II. 50. Do not conceal thy radiant eyes. Kinaston. III. 239. Do 'way your physic, I faint no more. Anon. II. 76. Down, stormy passions, down, no more. King. III. 93. Draw near. Stanley. III. 289. Draw on sweet night best friend unto those cares.

Anon. III. 116. Drink to me only with thine eyes. Jonson. II. 348.

E. Early cheerful mounting lark. Davis. II. 338. Even such is time, which takes in trust. Raleigh. II.

195.

F

Faint amorist, what dost thou think. Sidney. II. 218, Fair Amynta art thou mad. Sedley. III. 372.

Fame, honour, beauty, state, trains, blood, and birth,

Digby. III. 154. Fear no more the heat o'th'sun. Shakspeare. II. 315. Fierce tyrant death, that in thy wrath didst take,

E. of Sterling. III. 26. Fine young folly, though you were. Habington. III.

178. From Tuscane came my lady's worthy race. Ld.Sur

rey. II. 46. Fuscus is free, and hath the world at will. Davis. II.

337.

G. Gaze not on thy beauty's pride. Carew. III. 139. Get you gone, you will undo me. Sedley. III. 370. Give me a heart where no impure. Habington. III, 183, Give place, ye lovers, here before. Ld.Surrey. I1.52. Give place you ladies, and be gone. Anon. II. 69. Go and catch a falling star. Donne. II. 344. Go, lovely rose. Waller. III. 168. Go soul, the body's guest. Raleigh. II. 185. Good huswife provides, ere sickness do come. Tusser.

II. 116.
Goodmorrow to the day so fair. Herrick. III. 284.
Good muse rock me asleep. Breton. II. 251.
Gorbo as thou cam'st this way. Drayton. II. 302.
Great captain Medon wears a chain of gold. Davis.

II. 336.
Greensleeves was all my joy. Anon. III. 324.

H.
Hail, thou fairest of all creatures. Wither. III. 70.
Happy is that state of his. Brathwayt. III. 83.
Happy, oh happy he who not affecting. Anon. III.

117. Having interr'd her infant birth. Ld. Herbert of

Cherbury. III. 34. He first deceas'd, she for a little tried. Wotton. II. 334. He that loves a rosy cheek. Carew. III. 137. He whose active thoughts disdain. Stanley, III. 287.

Hear, ye virgins, and I'll teach. Herrick. III. 281. Hears not my Phillis, how the birds. Sedley. III. 375. Heart-tearing cares, and quivering fears. Wotton. II.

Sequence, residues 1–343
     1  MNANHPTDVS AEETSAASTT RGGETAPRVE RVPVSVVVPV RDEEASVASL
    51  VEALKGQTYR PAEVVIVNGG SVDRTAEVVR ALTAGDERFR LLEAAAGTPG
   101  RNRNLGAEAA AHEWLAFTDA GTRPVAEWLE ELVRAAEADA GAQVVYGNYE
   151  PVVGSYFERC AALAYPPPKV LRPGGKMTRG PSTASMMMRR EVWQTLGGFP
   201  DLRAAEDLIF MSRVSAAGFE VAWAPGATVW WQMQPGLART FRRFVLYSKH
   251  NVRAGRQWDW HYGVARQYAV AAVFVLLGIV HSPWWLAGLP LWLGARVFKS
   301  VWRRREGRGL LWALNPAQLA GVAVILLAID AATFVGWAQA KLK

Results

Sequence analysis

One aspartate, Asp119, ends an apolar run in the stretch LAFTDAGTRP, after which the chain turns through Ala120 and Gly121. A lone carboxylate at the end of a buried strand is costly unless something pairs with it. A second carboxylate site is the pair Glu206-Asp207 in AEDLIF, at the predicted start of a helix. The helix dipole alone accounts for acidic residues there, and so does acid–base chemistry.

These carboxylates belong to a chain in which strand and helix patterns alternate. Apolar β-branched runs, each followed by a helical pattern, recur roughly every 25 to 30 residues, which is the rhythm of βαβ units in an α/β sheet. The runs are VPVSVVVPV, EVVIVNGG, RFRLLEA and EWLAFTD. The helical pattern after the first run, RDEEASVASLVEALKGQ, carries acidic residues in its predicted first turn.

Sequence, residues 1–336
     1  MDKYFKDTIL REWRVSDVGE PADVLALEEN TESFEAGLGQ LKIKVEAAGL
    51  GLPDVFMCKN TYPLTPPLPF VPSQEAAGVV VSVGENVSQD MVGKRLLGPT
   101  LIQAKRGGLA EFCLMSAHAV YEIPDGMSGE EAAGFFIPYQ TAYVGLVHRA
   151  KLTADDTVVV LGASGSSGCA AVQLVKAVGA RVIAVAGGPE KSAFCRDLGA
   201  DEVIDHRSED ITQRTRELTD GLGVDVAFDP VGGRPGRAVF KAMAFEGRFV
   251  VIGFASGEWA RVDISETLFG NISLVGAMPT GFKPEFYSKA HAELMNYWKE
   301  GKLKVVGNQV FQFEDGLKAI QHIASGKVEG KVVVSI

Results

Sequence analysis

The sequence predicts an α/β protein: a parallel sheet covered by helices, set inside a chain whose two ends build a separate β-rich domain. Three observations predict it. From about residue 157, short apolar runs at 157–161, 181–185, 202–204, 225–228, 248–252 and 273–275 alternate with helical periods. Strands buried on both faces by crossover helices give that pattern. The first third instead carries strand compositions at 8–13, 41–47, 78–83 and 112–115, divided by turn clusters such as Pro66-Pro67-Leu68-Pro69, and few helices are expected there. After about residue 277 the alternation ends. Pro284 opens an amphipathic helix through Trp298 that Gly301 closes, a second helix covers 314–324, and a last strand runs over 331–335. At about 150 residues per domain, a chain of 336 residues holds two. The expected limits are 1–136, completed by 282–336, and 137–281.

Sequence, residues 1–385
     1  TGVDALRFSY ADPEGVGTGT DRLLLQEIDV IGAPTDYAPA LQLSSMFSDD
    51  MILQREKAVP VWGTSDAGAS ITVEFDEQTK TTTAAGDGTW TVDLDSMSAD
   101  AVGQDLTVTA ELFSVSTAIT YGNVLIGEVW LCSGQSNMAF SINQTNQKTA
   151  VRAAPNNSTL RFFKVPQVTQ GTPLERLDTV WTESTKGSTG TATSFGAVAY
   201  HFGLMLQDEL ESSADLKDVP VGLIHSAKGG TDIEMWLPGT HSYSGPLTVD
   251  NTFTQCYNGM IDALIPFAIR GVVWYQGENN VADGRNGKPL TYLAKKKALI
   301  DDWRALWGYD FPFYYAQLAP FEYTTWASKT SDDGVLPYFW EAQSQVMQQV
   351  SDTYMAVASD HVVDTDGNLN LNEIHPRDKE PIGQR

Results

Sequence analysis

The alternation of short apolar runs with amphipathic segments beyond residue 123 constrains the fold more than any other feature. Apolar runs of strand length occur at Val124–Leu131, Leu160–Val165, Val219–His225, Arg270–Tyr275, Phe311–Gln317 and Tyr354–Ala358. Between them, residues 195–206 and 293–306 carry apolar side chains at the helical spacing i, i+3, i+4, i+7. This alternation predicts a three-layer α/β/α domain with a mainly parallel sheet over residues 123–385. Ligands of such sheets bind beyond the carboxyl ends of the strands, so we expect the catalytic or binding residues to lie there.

331. Hence all you vain delights. Beaumont and Fletcher.

III. 48. Hence away thou Syren leave me. Wither. III. 74. Here Celia for thy sake I part. Waller. III. 171. Here's to thee Dick, this whining love despise. Cow

ley. III. 253. Honest lover whosoever. Suckling. III. 217. How eager are our vain pursuits. Veel, III. 381. How happy a thing were a wedding. Flatman. III. - 363. How I laugh at their fund wish. Gomersall. III.150. How uneasy is his life. Cotton. III. 347. How we dally out our days. Gomersall. III. 151. Husband if thou wilt pure appear. Kendall. II. 200.

I ask not one in whom all beauties grow. Cowley. III.

254. I being care, thou fliest me as ill fortune. Constable.

II. 276. I do confess thou’rt smooth and fair. Anon. III.325. I felt my heart and found a flame. Lluellyn. III. 350. I find it true that some have said. Willoby. II. 341. I in these flowery meads would be. Walton. III. 101. I laugh sometimes with little lust. Gascoigne, II. 142. I made a posy while the day ran by. Herbert. III.99. I muse and marvell in my mind. Scot. II. 96. I must alledge, and thou canst tell. Gascoigne. Il.145. I must not grieve my love whose eyes would read.

Daniel. II. 289. I never stoop'd so low as they. Donne. II. 345. I never yet could see that face. Cowley. III. 259. I once may see when years shall wreck my wrong.

Daniel. Il. 288. I pray thee love, love me no more. Drayton. II. 305 I prithee leave this peeyish fashion. Brome. III. 273.